The unwillingness to call out Hamas directly may stem from China’s fear of alienating friends in the developing world, political scientist Wen-Ti Sung told Nikkei. Beijing “doesn’t want to be seen as betraying its developing world friends — especially when that friend is engaged in hostilities against a leading U.S. ally, namely Israel.”

Coverage from Chinese state media has focused on Israel’s retaliation against Hamas. So far, the media has avoided showing footage of scenes from the Israeli side of the border, or reporting on Hamas militants’ attack against hundreds of music festival attendees, Jordan Schneider writes in his China Talk newsletter. The segment which ran on news channel CCTV “creates the airy illusion that Israel just starting bombing Gaza to smithereens out of nowhere for no particular reason (and targeting emergency vehicles) because that’s what Israel does.”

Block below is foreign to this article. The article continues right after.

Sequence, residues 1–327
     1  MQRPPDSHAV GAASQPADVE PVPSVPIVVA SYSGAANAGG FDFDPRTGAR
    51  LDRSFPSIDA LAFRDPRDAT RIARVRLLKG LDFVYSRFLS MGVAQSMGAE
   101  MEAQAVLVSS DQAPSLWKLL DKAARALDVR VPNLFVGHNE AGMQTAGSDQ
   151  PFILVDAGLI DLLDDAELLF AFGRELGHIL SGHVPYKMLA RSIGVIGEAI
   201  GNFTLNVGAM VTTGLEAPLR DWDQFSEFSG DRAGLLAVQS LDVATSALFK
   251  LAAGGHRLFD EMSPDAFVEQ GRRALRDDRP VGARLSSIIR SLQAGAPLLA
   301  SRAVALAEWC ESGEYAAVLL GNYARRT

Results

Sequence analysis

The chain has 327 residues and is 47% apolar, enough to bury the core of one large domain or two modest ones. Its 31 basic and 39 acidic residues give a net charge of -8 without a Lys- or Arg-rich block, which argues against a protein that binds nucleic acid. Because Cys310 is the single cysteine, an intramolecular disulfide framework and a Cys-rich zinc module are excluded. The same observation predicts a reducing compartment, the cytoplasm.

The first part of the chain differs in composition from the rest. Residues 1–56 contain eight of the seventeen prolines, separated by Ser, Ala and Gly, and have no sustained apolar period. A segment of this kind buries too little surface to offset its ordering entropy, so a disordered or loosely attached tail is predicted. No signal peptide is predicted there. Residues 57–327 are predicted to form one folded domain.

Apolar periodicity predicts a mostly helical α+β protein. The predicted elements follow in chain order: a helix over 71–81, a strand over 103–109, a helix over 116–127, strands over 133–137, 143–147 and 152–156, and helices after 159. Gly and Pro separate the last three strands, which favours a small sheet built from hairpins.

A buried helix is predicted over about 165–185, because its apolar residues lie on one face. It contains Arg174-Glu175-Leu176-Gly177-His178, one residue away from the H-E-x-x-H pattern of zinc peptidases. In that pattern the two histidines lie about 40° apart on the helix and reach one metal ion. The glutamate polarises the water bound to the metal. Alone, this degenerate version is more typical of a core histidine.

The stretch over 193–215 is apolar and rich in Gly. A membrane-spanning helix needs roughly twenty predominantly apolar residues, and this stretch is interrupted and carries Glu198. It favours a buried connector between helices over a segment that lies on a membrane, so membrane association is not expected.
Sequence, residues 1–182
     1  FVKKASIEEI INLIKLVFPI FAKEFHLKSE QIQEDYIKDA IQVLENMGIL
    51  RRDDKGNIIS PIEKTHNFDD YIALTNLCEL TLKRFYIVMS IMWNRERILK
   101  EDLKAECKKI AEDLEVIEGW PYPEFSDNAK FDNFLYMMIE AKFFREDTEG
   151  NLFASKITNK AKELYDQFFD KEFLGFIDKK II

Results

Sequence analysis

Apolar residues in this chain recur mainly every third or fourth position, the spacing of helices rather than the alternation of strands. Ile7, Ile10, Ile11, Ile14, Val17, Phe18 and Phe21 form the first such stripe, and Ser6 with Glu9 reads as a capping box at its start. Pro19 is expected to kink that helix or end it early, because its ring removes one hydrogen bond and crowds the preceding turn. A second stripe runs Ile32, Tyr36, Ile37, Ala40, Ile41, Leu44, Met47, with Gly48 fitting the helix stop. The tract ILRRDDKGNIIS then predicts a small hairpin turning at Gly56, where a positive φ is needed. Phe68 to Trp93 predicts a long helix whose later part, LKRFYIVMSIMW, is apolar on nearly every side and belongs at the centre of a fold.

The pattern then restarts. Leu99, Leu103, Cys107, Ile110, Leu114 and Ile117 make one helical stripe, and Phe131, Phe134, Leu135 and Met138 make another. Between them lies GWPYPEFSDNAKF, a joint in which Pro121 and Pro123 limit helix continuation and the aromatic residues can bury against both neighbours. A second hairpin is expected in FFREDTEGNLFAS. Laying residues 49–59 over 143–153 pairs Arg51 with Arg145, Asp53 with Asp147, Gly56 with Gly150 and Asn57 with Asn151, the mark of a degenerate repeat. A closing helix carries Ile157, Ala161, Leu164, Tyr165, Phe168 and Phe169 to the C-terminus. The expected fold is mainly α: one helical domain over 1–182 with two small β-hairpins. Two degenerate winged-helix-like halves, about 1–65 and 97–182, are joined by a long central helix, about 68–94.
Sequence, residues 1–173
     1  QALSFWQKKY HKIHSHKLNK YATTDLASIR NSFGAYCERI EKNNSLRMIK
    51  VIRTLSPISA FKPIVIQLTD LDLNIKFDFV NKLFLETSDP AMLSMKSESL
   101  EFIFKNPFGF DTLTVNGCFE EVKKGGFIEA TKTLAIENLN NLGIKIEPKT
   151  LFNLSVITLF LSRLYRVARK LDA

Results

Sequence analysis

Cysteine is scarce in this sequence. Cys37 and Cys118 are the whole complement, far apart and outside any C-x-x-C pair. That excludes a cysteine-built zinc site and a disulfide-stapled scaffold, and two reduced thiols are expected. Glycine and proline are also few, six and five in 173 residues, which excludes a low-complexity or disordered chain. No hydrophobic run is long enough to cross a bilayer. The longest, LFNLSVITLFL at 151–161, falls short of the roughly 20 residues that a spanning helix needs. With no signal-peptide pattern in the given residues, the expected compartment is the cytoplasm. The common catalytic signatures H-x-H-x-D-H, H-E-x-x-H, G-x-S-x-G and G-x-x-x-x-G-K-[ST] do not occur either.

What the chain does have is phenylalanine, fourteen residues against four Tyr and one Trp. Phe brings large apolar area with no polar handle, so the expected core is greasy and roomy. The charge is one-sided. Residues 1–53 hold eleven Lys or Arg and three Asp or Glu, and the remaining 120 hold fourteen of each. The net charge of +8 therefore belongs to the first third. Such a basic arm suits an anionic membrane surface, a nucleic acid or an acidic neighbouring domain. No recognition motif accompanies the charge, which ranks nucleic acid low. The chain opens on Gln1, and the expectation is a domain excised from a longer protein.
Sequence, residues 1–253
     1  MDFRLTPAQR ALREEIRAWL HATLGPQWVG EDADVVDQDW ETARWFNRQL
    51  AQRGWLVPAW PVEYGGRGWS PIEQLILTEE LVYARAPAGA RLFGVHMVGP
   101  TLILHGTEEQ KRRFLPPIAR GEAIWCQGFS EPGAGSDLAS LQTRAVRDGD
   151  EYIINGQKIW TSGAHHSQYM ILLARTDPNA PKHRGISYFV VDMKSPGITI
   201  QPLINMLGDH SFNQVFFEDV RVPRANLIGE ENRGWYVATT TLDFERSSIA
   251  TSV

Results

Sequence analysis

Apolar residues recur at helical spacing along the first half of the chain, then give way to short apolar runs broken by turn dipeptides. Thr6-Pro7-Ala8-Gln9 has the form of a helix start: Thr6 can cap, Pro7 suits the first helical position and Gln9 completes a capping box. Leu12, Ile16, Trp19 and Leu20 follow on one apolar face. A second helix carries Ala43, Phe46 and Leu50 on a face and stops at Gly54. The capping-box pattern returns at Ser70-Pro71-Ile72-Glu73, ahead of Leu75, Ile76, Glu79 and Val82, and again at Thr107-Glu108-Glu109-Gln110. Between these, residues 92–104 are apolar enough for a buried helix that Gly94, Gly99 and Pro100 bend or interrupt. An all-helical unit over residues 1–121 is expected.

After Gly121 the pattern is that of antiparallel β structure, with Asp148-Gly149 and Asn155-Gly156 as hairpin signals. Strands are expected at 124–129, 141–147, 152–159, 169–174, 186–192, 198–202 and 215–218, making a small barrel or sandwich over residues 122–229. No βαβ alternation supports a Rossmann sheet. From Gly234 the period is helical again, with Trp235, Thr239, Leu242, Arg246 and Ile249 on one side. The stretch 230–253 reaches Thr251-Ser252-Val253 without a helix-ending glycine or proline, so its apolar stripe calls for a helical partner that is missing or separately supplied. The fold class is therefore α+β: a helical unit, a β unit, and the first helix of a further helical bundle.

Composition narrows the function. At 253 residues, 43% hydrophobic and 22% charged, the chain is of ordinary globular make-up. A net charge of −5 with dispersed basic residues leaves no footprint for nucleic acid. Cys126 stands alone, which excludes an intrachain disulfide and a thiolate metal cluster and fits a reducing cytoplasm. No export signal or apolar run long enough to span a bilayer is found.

Support for Palestinians is widespread on Chinese social media. On Weibo, antisemitic messages have surged. While the heavy moderation of the social media app means its not necessarily reflective of Chinese citizens’ sentiments, the views expressed there are crucial to shaping China’s preferred narrative, Matthew Loh writes for Business Insider. Users are directing their anger at Israel as well at the U.S. As Loh notes: “Blaming the US for war is a common theme on Weibo, where users see Washington as a cabal of Imperialist warmongers that has a hand in all world conflicts — in line with propaganda from the Chinese Communist Party.”